Jordan Hanes (who prefers to remain anonymous to protect his partner’s reputation) fell into his business partnership in the same way you fall into a quickie Las Vegas marriage: with very little discussion of long-term goals and without a pre-nup.

“I was looking to get out of the consulting business and he had a product,” Hanes said. “I had money and he didn’t, and our skill sets were roughly complementary.”

The two became 50-50 partners in 2007, but although they had a rough shareholder’s agreement, they never managed to hammer out details. “We just put it on the back burner,” Hanes said.

Things went well for the first few years, but when the economy tanked in 2009 and a client defaulted, Hanes contributed an extra chunk of his money to keep the business afloat.

“Mostly, it was to pay my partner’s salary,” he said. “He had a stay-at-home partner and was very reliant on that income. In retrospect, I should have renegotiated our respective equity positions at that time, but I was reluctant. We had to work together and I didn’t want him holding a grudge.”

As time went on, cracks began to form in the relationship, both in terms of their vision for the company and their respective skill sets.

Hanes became chief executive, with his partner’s blessing, but in spite of being slotted into a succession of roles, the partner floundered. “He had a narrow skill set and he seemed unable to move beyond that,” Hanes said.

Even worse, the partner tended to focus on non-strategic income opportunities, losing sight of the company’s core competency.

“I felt like I had to spend an inordinate amount of time managing him and trying to keep him focused,” said Hanes, whose frustration built over the years until “I simply did not want to succeed with him.”

The partnership finally dissolved earlier this year. Although it cost Hanes some cash and generated a great deal of stress, he now feels poised to build the company strategically.

His experience is hardly unique: about 60% of business partnerships fail, according to the CMO Council, a global executive organization.

The reasons are many, said Richard Reid, president of Argosy Partners’ The Shotgun Fund, an equity fund that invests in businesses wherein one partner wants to buy out the other. One of the most common is a lack of alignment between the partners on basic things such as the business’s goals, its strategy, how long it will take to execute and who they want on the team.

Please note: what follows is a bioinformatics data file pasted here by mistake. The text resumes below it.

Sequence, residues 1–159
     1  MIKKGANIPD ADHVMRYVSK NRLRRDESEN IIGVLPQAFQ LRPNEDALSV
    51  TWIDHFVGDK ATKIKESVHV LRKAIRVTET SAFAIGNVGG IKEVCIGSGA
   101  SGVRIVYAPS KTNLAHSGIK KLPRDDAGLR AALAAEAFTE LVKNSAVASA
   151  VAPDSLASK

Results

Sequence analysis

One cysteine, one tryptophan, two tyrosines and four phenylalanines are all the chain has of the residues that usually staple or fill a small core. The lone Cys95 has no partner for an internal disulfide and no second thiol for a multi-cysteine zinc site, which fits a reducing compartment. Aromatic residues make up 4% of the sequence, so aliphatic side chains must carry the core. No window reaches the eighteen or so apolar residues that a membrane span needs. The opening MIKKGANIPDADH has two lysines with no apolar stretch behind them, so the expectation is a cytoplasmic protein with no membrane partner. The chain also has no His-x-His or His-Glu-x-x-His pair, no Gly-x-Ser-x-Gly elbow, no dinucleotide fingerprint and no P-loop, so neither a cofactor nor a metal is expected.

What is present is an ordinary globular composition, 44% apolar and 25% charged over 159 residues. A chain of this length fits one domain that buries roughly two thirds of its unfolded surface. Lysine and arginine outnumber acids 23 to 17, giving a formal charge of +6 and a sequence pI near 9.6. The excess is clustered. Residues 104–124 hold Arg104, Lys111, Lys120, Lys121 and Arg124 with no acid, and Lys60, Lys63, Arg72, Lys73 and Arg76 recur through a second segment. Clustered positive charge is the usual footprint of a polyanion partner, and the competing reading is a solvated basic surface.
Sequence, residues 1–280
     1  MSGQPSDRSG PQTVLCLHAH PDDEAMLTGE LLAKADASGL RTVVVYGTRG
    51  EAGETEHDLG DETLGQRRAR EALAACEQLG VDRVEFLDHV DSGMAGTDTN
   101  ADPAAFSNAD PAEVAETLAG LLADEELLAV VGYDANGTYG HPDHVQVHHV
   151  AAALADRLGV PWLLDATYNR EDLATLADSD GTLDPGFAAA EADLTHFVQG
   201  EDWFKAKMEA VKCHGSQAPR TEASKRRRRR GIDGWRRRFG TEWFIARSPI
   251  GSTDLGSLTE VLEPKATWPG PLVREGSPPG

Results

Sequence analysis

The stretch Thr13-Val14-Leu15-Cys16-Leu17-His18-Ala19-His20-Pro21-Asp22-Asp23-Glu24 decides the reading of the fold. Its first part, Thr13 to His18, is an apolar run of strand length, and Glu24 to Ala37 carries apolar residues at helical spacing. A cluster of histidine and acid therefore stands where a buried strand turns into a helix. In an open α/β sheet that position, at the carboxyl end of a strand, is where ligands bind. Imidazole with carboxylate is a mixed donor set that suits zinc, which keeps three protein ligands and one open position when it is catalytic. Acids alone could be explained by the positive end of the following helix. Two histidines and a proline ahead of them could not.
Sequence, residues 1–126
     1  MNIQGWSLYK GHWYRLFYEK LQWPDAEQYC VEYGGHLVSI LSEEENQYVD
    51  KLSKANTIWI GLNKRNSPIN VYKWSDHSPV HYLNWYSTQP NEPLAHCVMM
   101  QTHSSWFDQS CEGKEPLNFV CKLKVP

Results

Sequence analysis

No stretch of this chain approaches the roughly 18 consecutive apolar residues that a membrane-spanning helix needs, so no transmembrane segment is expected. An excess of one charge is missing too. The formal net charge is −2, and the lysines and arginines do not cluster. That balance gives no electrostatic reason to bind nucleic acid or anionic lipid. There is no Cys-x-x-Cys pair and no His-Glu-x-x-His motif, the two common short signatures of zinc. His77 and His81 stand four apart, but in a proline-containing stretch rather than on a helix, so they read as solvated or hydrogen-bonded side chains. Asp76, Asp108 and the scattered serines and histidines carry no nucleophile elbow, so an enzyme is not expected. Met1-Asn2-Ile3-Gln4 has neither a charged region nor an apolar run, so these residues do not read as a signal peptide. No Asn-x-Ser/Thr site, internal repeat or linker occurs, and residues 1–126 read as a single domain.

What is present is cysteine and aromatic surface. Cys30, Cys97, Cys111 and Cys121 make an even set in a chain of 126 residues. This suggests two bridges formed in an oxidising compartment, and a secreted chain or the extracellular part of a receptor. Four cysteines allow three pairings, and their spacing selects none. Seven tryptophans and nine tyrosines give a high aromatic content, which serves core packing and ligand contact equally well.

To avoid having a partnership crash and burn, Hanes suggests sitting down with a potential partner to have a no-holds-barred conversation about where you see the business going and the ultimate end game.

You should also try to address the differences between the partners’ financial and personal situations, and try to anticipate what would happen if something went wrong. For instance, if one partner invests additional money, perhaps her equity stake or share of the profits should also rise.

Another key, Hanes advises, is not to conflate equity or profit sharing with salary.

“If one person becomes CEO and the other handles support, their salaries should reflect market value,” he said. And partners should be subject to a salary review just like any other employee. “Be honest about the gaps that exist and how you will address them.”

Reid advises taking it a step further and formalizing what you’ve talked about with a written alignment agreement — an idea Hanes thinks is brilliant.

“I think if you have to write it down, it stimulates conversation about some of the issues and helps you understand each other,” he said.

On top of the alignment agreement, every business should have a shareholders’ agreement that outlines percentage ownership, the partners’ responsibilities and what happens if there’s a dispute or a partner is disabled or dies. It generally includes an exit clause such as a shotgun (wherein one partner can make an offer for the business, and the other partner has the option to take the money or match the offer).

But even if you sign a raft of agreements, Reid said, you won’t be able to anticipate every problem that might arise. To avoid veering off in different directions, he recommends holding a yearly executive retreat to hash out strategy, deal with issues and compare notes.

If there is a problem, he added, “Don’t let it fester. Then you lose alignment. And alignment is so crucial.”

Source: Financial Post